Main Street and Wall Street
In late 2008, the Fed was very worried about inflation. But they also faced a financial crisis. In response, they injected liquidity into the financial system system to help banks, while simultaneously instituting a program of paying interest on bank reserves in order to prevent that extra liquidity from boosting aggregate demand. As a result, demand collapsed and we plunged into the Great Recession.
At the time, the Fed was accused of trying to rescue Wall Street without helping Main Street. It might have been better if they had done the reverse. Keep that history in mind when you read this observation from the Financial Times:
Central banks could be forced to backstop crucial parts of the financial system that are vulnerable to higher interest rates, undermining their attempts to fight inflation, the Bank for International Settlements warned on Monday.
The BIS, dubbed the bank for central banks, said the crisis that unfolded in UK gilt markets in September underlined the risk that monetary authorities could be forced to inject liquidity into financial markets at a time when they are trying to rein in price pressures through higher interest rates and are shrinking their balance sheets.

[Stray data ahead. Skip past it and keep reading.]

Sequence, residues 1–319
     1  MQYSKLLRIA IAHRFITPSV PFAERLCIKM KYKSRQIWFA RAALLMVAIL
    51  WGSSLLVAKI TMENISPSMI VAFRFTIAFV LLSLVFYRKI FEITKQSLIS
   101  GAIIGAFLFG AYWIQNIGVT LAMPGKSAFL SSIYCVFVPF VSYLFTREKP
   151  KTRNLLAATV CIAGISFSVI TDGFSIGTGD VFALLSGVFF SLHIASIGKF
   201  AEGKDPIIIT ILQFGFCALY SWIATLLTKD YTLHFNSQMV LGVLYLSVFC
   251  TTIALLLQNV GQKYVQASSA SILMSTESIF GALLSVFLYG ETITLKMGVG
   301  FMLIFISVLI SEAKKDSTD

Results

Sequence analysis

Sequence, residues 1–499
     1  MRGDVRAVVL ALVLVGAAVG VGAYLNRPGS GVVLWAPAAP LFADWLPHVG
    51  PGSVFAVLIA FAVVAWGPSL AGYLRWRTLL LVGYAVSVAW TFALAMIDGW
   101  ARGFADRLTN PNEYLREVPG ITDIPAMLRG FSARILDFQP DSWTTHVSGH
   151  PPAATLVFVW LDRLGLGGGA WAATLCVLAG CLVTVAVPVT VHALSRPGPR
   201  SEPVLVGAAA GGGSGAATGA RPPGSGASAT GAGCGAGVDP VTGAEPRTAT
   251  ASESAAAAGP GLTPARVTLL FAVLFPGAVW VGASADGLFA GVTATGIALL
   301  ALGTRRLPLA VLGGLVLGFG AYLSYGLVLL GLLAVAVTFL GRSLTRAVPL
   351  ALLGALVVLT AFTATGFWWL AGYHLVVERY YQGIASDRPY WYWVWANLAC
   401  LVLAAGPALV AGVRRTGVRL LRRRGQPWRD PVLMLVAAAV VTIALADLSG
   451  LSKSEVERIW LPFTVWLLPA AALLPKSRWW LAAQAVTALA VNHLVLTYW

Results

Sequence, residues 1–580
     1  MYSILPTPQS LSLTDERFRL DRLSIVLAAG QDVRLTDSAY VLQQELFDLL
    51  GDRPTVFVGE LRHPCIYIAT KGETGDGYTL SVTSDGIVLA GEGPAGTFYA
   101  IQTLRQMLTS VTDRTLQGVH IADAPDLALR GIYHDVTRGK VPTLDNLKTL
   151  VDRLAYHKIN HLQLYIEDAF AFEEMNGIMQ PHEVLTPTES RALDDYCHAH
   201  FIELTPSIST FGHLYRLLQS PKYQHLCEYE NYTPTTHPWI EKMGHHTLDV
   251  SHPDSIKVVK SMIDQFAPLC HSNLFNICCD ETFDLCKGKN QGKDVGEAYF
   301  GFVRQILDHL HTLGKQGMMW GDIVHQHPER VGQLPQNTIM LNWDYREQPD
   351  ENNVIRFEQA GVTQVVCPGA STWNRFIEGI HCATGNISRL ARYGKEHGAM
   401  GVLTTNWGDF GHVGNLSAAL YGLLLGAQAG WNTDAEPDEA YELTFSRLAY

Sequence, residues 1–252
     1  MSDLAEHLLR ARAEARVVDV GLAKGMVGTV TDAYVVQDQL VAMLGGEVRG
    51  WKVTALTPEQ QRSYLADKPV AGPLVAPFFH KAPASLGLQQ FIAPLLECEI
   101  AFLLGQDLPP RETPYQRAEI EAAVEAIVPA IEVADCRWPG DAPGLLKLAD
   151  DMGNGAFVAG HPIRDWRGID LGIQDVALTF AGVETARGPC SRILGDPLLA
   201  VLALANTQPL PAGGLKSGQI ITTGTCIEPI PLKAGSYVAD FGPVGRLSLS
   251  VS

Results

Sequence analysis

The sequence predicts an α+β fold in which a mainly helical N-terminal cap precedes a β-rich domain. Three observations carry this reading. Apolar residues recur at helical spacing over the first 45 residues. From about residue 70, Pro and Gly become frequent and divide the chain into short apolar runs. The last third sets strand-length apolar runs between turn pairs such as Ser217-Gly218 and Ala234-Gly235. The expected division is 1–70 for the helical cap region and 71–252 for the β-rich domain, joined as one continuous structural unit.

In fairness, the BoE is aware of the issue with moral hazard:
Andrew Bailey, the BoE governor, told the Lords economic affairs committee last week that it had been “imperative” to end the operation promptly. The operation constituted a “serious moral hazard problem”—since parts of the market “would love to have the Bank of England permanently offering to buy gilts”—and “was running directly counter to the operation of monetary policy.”
If modern economies cannot survive 5 percent interest rates without triggering a financial crisis, then we need to rethink a wide range of policy issues including both monetary policy and also the various ways that previous government bailouts have tended to encourage more risk-taking by financial firms.